It's interesting, on the one hand I feel like I crave more flexibility, customization and more decision points. At the same time, I very much do not want a Skyrim-style system where everyone just starts as pretty much identical blank slates and develops their character entirely in response to what they do in game.
The idea of class, or at least something like it, putting some constraints and definition on who your character is and what kinds of things they are capable of right from character creation feels like an important part of playing an RPG -- especially a party-based one.
I think for me the ideal would be a system without fixed classes, but where you make initial decisions that significantly constrain your future choices within a very expansive combinatorial space of possible paths. Traditional classes would exist as templates, but you could tweak the template without having to rely on clunky multiclassing mechanics.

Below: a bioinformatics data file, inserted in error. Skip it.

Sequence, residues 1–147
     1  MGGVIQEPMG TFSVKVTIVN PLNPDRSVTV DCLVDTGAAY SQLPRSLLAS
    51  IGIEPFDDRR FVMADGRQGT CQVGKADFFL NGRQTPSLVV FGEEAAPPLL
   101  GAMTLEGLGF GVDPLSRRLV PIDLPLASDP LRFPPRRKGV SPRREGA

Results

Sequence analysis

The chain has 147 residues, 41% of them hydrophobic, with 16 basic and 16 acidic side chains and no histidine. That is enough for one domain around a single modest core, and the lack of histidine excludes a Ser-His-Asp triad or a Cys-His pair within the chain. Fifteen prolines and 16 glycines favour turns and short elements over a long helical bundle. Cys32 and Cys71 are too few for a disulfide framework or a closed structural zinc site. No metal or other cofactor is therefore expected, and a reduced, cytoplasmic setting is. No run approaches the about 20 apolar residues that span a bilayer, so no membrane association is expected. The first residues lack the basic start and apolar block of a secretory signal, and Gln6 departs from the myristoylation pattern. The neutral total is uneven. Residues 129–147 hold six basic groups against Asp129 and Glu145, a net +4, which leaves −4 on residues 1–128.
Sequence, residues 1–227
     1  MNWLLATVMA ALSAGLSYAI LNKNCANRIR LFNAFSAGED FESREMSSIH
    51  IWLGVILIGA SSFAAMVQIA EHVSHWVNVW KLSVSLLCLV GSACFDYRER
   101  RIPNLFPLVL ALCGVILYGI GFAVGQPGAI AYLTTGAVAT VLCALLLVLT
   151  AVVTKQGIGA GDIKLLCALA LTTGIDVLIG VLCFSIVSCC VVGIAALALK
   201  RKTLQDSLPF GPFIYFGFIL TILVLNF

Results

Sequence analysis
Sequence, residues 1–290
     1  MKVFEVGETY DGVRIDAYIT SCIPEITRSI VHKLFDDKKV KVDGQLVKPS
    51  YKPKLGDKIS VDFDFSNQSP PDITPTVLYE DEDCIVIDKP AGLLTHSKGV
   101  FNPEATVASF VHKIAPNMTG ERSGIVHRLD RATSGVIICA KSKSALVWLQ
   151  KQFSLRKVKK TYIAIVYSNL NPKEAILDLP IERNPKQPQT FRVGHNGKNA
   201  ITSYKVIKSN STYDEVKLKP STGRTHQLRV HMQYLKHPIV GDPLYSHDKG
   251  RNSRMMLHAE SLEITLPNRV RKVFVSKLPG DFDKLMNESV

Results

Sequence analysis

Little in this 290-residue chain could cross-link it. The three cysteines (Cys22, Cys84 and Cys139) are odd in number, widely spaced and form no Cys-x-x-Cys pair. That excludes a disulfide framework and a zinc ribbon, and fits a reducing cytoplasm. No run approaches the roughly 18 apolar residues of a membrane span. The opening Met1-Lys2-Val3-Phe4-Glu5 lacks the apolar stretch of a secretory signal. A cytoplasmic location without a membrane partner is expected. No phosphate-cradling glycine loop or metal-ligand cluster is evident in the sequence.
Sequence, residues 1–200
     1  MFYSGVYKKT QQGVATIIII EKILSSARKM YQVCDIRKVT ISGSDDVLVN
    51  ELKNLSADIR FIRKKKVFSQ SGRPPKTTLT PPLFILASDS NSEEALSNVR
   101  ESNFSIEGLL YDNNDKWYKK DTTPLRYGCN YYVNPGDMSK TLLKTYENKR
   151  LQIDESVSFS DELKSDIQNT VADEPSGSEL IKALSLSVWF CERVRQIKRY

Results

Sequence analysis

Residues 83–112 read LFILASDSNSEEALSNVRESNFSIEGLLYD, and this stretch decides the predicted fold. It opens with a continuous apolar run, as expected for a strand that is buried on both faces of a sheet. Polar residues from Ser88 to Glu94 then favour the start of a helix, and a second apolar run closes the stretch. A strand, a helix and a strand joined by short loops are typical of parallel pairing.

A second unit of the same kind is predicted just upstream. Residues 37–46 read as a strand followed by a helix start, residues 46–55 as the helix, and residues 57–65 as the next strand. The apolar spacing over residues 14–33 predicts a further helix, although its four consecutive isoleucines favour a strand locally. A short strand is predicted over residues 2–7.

Since I mentioned Skyrim as an example of what I don't want, I think maybe the earlier TES games, which had predefined classes, but also the option to create a custom class, which affected how easily you could progress different dimensions of your character, are good examples of the kind of build mechanics I'd love to see in a future edition of D&D.